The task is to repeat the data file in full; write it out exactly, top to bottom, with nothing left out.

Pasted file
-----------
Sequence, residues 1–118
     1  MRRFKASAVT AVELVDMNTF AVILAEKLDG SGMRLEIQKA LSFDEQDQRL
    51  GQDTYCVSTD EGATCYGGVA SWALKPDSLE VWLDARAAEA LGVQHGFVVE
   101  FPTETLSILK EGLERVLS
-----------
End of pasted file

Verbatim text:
Sequence, residues 1–118
     1  MRRFKASAVT AVELVDMNTF AVILAEKLDG SGMRLEIQKA LSFDEQDQRL
    51  GQDTYCVSTD EGATCYGGVA SWALKPDSLE VWLDARAAEA LGVQHGFVVE
   101  FPTETLSILK EGLERVLS